Entry Point 40: Homer Lake to Brule Lake
Features: Fishing, Wildlife, Weekend Loop
Day 1 – Homer to Vern: The Homer entry point starts a little over half way down the Walleye and Northern filled Lake. If you are able to get to the Homer lake entry early for your weekend trip, paddle to the first camp site on Homer just before the wilderness boundary. This will allow for a beautiful start to your first full day in the wilderness. Troll a fishing line on your way in for a potential shore lunch the next day. If starting the trip earlier in the day, take the 6 rod portage from Homer into Whack Lake then 16 rods in Vern Lake. Two campsites await on opposite shores just beyond the portage. These remote wilderness lakes burned in the 1990s and weathered the blowdown of 1999, creating the right conditions for wild berries to grow. Keep you eye out for a sweet snack on and around the portages and campsites.
(scroll down to continue reading)
Day 2 – Vern to Juno/Brule: Take your time paddling and fishing as you head north on Vern until reaching the 65 rod portage into Juno. Take some time on the portage to examine the architecture of the hoover dam of beaver dams constructed by the cunning aquatic mammals. Set up camp on Juno to take advantage of the excellent fishing for northern and walleye or continue east and portage the 60 rods into Brule. Hug the eastern shore and do a sharp U-turn to enter Mock Jock Bay to stay at one of the two campsites tucked into this enclave of shelter from Brule’s notorious wind and waves. If the weather is calm, paddle to the scenic campsite on the island directly across from Mock Jock Point.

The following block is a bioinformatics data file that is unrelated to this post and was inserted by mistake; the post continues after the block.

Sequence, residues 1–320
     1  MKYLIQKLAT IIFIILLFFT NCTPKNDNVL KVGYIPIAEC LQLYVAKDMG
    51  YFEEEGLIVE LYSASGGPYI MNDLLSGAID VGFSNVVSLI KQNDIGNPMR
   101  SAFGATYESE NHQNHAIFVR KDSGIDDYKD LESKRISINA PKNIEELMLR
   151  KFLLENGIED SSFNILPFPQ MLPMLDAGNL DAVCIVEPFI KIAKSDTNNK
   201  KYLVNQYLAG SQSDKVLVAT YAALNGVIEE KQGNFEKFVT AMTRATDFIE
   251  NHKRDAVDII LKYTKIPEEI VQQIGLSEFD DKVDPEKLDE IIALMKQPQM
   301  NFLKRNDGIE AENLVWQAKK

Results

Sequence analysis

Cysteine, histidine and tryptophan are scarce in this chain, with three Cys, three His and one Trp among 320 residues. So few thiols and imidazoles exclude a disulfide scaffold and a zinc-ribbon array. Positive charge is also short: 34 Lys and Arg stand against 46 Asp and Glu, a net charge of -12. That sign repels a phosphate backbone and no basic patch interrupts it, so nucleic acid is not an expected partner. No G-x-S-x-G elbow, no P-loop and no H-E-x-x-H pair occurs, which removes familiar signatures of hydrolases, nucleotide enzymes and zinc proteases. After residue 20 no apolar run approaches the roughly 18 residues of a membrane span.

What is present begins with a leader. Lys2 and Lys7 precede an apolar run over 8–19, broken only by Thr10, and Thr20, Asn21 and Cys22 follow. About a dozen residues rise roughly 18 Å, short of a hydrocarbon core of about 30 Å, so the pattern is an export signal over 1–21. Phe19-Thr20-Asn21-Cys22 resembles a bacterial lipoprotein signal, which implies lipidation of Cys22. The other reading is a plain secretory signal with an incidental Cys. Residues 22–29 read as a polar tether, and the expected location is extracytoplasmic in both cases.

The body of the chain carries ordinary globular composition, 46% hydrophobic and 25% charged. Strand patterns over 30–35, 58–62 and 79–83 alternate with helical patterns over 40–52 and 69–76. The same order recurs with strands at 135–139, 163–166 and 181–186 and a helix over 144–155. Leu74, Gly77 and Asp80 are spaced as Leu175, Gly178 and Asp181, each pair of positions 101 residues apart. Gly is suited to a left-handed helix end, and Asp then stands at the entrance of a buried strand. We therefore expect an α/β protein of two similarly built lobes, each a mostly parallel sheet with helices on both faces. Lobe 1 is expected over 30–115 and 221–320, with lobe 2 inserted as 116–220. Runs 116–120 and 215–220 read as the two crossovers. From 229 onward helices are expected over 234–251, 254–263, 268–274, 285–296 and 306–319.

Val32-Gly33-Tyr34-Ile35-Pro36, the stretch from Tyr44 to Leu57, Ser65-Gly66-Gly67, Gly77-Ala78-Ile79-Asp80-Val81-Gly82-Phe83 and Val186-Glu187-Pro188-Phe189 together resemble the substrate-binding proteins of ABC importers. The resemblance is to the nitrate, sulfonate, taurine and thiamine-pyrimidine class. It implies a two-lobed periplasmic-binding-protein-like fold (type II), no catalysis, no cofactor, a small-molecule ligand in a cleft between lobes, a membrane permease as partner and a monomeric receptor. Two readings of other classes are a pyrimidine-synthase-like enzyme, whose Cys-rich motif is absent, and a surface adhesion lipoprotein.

Day 3 – Brule back to Homer: From wherever you enjoy the night, continue paddling east along Brule’s south shore. Work your way toward the landing that is entry point 41. The contrast of Brule to the previously paddled small and narrow lakes is breathtaking. Pay attention to landmarks and don’t forget best practices for navigating big water if you encounter adverse conditions. Once at the boat landing, it will feel good to start walking. Follow the gravel road south for a little less than two miles to return to your car to drive back to Brule and pick up your equipment.. This unique feature to the loop makes for a good way to strech the legs and ease back into the reality of having to leave the wilderness to start the trek home. Make sure you remember to grab your keys.